by UnHerd
Friday, 25
June 2021
Video
18:01

Members event: has lockdown changed us forever?

UnHerd contributors joined Freddie Sayers on the "freedom day" that never was...
by UnHerd


For 15 months, we have been unable to gather in large groups, walk into a shop without a mask or even go to your local pub without having to scan a code from your phone; it is the first time that western nations have locked down their populations — and they managed to do so with little resistance. What does this all mean for the way our society is organised? On the day the lockdown was supposed to be lifted, Freddie Sayers spoke to a panel of UnHerd contributors to ask: how has lockdown changed us? 

Don’t miss this highlights video — and make sure to join UnHerd to be invited to our next event!

On lockdown:

Mary Harrington

Over the past 15 months, we’ve had where we can go controlled, strictly limited, and confined to a narrow area. We’ve become accustomed to far greater levels of surveying one another. In a sense, we’ve all become helicopter children. And my fear is that unless we can shake our heads and clear that fog of being helicoptered from our entire way of being, then it will be the death knell for a general acceptance of the norms of liberal democracy.
- Mary Harrington, UnHerd

Aris Roussinos:

Lockdown itself is fundamentally just a distraction, a minor inconvenience in historical terms. But it’s been a catalyst, which is moving us to a new era of history…It took the Covid experience to awaken people to our societal dependence in China…Now we are seeing a return of the state and the end of this unthinking neoliberal consensus. Covid is the equivalent of the 1973 oil crisis in that it didn’t need to lead to neoliberalism…It was just a catalyst… So it has ushered in a kind of statist, dirigiste system and caused a vast historical pendulum swing in the other direction. 
- Aris Roussinos, UnHerd

Maurice Glasman:

What shocked me most was that the churches closed down. For the first time in our history, the church doors were closed, the lights were turned off… That led me to think what would our society be without that presence of love, compassion, mercy, forgiveness? And then that led me to reflect on the utter lack of forgiveness, mercy, compassion from the absence of a real physical presence, which scared me, and still scares me. 
- Maurice Glasman, UnHerd

Helen Thompson:

What’s worrying is the ways in which it became impossible really to have any political debate about what the policy should be towards this illness, particularly after the first few months. I understand why that was because there was clearly a pretty substantial majority that was in favour of lockdown policies and didn’t really want to have a debate. That teaches us how much health anxiety there is in this country — for understandable reasons. But it meant there wasn’t any possibility of having a discussion where we say, “okay, we’re going to take this short term risk, this medium term risk, these long term risks” and have a reasonable, reasoned discussion about these competing risks. That discussion never took place.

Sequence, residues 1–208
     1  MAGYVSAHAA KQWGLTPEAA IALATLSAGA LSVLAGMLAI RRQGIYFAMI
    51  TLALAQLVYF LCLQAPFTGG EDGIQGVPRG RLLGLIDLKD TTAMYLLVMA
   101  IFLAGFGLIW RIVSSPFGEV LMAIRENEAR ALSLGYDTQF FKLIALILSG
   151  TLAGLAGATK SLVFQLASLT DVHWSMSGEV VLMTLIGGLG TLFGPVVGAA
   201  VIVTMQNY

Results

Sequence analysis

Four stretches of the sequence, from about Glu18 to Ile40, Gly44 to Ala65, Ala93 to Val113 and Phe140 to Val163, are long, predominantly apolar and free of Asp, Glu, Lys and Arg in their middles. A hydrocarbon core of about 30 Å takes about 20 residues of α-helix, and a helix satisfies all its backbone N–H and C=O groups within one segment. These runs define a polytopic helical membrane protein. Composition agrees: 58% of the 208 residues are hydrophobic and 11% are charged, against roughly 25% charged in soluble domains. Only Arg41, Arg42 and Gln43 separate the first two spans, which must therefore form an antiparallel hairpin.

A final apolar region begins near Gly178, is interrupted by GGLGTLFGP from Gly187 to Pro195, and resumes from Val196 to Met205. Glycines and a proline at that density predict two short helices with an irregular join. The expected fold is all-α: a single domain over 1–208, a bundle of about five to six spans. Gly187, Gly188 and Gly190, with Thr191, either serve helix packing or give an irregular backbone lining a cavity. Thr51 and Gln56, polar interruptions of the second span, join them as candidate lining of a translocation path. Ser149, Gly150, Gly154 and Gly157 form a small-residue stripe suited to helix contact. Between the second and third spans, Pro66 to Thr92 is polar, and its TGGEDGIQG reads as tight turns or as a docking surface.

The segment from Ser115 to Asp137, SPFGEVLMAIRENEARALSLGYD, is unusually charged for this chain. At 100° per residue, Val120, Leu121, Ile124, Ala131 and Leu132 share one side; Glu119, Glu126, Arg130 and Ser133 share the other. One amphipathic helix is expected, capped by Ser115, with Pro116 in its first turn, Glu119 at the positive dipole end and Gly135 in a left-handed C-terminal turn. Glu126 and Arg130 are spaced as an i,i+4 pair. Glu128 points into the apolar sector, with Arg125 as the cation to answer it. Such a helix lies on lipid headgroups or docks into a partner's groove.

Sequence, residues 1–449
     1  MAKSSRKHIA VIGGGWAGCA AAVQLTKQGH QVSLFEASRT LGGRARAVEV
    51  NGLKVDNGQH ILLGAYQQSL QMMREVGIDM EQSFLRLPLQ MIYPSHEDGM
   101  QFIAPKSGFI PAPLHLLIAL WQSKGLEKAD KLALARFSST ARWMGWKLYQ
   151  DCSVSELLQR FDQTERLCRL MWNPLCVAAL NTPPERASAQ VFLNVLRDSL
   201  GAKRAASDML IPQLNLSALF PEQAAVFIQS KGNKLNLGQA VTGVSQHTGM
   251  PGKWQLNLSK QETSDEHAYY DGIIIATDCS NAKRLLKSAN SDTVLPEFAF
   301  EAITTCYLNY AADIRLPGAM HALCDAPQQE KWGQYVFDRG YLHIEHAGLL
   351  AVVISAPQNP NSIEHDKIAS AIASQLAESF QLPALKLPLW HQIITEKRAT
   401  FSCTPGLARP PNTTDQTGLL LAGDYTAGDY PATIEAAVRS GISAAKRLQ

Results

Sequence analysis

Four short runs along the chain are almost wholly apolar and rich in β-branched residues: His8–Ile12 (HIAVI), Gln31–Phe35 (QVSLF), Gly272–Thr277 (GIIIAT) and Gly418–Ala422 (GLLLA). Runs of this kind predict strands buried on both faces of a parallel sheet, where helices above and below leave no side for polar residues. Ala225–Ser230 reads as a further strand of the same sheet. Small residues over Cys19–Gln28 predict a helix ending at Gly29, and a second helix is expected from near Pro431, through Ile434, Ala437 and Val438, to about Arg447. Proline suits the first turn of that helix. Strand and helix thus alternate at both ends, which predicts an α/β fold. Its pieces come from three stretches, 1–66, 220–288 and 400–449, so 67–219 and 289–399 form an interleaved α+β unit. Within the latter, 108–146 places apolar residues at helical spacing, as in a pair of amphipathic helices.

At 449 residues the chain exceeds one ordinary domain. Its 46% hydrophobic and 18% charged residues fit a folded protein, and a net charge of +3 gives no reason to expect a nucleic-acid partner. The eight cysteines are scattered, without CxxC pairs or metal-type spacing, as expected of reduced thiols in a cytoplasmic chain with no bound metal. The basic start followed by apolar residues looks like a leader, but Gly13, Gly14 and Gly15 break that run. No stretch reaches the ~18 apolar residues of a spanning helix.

- Helen Thompson, UnHerd

On the return of the state

Mary Harrington:

The return of the state has been coupled with an annihilation of the Mittelstand, as they call it in German, ‘the middle people’… The self-organising institutions of society dissolved and some of them will never come back — or won’t come back in the way they did before…My fear is that, having been replaced by a sort of internet mediated simulacrum of civil society — largely run from the centre via platforms or pump-primed by the state — that those institutions just don’t hold a candle. 
- Mary Harrington, UnHerd

Aris Roussinos:

I think that’s a short term perspective…suddenly, the world of ideology has opened up again, and there are actually different ideologies. I think that Covid functions as a dummy war or an initial run-through of what a war with China would look like…it’s a case of boiling the frogs quickly, rather than slowly. Now, we are getting more people talking about things like antitrust breaking up the vast power of Amazon and Facebook — it’s become more politically salient. 
- Aris Roussinos, UnHerd

 

Join the discussion


  • ZZZZZZZZZZZZZZZZZZZZZzzzzzzzzzzzzzzzzzz
    Oh, are they finished droning on yet? Because I had to pause it or be forced to gnaw my own leg off to escape that sensory deprivation chamber.

    There was one moment in the discussion where they discussed of how,when fallowing the bellwether sheep, they used its tail as an indication of direction to take, or if they preferred to fallow its comforting bell, and in the end all agreed it did not matter so long as it was leading them to where they needed to be going.

    One caller mentioned how ‘All us sheep live our life in fear of the wolves, yet end up being eaten by the shepherd’. This was derided as Post-Neo-Liberal claptrap by the panel, unanimously, and said the caller must be a F* scist and hung up.

    Well done Unherd, and Freddy, bring us this stimulating debate.

  • Well done! Wow, a real discussion with real differences of opinion. Loss count how many times in 64 minutes I agreed and disagreed. What a delight! Bob Pruger, an American dissenter to the lockdown.

  • Maybe my expectations of this event were too high, but I felt the discussion was far too intellectual for my taste and brain power. Mary Harrington was excellent and articulate and had some interesting and valid viewpoints. I thought I had a reasonable grasp of the english language but I found Aris difficult to follow and hadn’t a clue where he was coming from. I felt it a pity for those online subscribers to have the event combined with a pub evening for those present in the “studio”. I’d forgotten what central London office/pub culture was like.

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